R. Welch
Y. Hsu


In a teaching and research environment where Landsat digital data are employed on a day-to-day basis, it is often necessary to assess thematic classification accuracies in a rapid and efficient manner. While such assessments can be made by manually counting the correctly and incorrectly classified pixels in each of several test sites, this procedure is often too slow and tedious to be of effective use. Consequently, a set of interactive computer programs have been developed for use with a graphics terminal (e.g. Tektronix 4014) which determine the classification accuracies of pixels in pre-selected test sites. Results are displayed in both two and three dimensional formats.

Three programs are employed, which, in sequence: 1) plot the boundaries of the study area and the location of the test sites within the study area; 2) display as three dimensional prisms (or columns) the most prominent land use categories represented in each test site--with the height of the prisms determined by the number of classified pixels in the categories; and 3) compute the accuracy of the land use/cover classifications according to binomial probability distribution function statistics. In the third program, a two dimensional graph is presented to the user in which map accuracy is plotted as a function of the number of misclassified pixels for a specified level of confidence. Thus, the terminal operator can immediately determine whether the entire data set or a particular category has been classified with sufficient accuracy to meet his specifications.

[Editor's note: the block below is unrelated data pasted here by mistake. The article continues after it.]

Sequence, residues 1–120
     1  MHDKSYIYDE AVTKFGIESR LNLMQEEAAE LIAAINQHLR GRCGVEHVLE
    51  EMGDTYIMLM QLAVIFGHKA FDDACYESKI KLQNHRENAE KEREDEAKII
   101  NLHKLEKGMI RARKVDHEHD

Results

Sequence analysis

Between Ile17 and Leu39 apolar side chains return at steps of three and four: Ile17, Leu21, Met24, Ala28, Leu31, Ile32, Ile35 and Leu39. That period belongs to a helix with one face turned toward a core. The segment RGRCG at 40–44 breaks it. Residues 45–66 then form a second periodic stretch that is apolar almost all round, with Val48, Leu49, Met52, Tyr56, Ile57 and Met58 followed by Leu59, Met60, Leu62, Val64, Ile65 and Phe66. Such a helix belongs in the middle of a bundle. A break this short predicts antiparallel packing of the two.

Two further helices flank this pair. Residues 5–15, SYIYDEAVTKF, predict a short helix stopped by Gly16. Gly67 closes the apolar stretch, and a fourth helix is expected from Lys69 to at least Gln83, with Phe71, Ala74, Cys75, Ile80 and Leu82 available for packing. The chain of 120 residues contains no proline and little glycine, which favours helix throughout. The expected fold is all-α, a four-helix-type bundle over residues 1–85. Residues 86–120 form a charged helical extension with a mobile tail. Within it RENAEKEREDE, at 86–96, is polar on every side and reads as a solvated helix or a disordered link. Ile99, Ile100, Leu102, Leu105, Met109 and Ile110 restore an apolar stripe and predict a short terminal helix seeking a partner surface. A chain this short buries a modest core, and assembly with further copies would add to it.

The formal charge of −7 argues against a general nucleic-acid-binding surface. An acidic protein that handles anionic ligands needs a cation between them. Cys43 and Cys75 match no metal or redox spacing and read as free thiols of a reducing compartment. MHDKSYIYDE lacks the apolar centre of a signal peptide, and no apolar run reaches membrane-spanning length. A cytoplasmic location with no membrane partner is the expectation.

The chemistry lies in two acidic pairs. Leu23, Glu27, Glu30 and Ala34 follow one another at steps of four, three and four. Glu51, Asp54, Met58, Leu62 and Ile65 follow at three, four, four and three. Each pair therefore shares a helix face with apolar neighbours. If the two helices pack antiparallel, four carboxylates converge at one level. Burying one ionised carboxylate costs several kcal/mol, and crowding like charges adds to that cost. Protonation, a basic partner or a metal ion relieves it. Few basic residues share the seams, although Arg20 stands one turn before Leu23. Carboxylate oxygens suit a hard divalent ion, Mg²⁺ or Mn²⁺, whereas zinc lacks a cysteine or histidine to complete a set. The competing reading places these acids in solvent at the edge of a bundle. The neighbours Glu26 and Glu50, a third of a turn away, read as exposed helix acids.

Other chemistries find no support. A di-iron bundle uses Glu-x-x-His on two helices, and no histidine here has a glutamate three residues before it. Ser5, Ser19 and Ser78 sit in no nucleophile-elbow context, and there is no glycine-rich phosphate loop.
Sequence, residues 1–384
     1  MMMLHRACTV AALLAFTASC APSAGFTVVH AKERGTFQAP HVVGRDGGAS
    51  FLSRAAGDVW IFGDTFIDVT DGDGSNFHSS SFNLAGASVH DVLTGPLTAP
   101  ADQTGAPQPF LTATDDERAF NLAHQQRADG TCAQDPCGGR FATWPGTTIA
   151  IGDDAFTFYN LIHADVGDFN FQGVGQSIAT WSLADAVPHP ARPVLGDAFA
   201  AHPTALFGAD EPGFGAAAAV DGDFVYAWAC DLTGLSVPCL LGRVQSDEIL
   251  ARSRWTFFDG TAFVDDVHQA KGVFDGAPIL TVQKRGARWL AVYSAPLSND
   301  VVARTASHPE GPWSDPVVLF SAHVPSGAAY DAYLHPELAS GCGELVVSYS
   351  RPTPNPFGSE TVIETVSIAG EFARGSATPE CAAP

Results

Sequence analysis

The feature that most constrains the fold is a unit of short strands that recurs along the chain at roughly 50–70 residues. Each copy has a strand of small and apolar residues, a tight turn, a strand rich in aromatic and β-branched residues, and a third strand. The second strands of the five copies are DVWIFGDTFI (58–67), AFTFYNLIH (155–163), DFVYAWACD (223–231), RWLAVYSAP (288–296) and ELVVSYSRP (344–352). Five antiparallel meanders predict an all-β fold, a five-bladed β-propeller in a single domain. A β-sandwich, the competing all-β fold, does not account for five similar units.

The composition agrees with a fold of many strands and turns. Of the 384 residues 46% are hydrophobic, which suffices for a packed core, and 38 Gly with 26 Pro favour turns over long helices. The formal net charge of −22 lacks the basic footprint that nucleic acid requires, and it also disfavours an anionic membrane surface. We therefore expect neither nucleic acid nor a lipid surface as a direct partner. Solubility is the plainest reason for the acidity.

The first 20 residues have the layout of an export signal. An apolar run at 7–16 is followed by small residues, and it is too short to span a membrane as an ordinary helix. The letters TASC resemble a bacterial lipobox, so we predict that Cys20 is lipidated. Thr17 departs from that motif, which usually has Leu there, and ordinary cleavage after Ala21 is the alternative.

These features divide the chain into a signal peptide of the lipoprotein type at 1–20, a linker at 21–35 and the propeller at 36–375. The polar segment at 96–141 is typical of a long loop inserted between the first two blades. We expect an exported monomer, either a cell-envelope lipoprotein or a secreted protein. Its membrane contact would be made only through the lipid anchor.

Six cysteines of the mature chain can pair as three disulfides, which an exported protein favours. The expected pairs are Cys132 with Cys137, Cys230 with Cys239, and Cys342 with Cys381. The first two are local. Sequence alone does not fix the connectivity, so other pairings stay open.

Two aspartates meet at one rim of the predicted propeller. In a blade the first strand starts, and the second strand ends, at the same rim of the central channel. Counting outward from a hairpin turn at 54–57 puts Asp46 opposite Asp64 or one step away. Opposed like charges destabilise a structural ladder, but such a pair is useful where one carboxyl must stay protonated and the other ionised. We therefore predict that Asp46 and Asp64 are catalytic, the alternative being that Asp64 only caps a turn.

If the operator is dissatisfied with the classification accuracy, it is possible with the aid of the display provided by the second program to identify those test sites with the most significant errors. Training sites then can be redefined and the process from classification through accuracy assessment repeated.

At present, the programs are written in Fortran and are designed to work in conjunction with Tektronix PLOT 10 software operational on IBM 370/158 and CDC Cyber 74 computer systems. As these programs are independent of the classification algorithms, they conceivably can be employed by users with access to a variety of classification routines. Operating costs are nominal, averaging from $2.00 to $5.00 per run.

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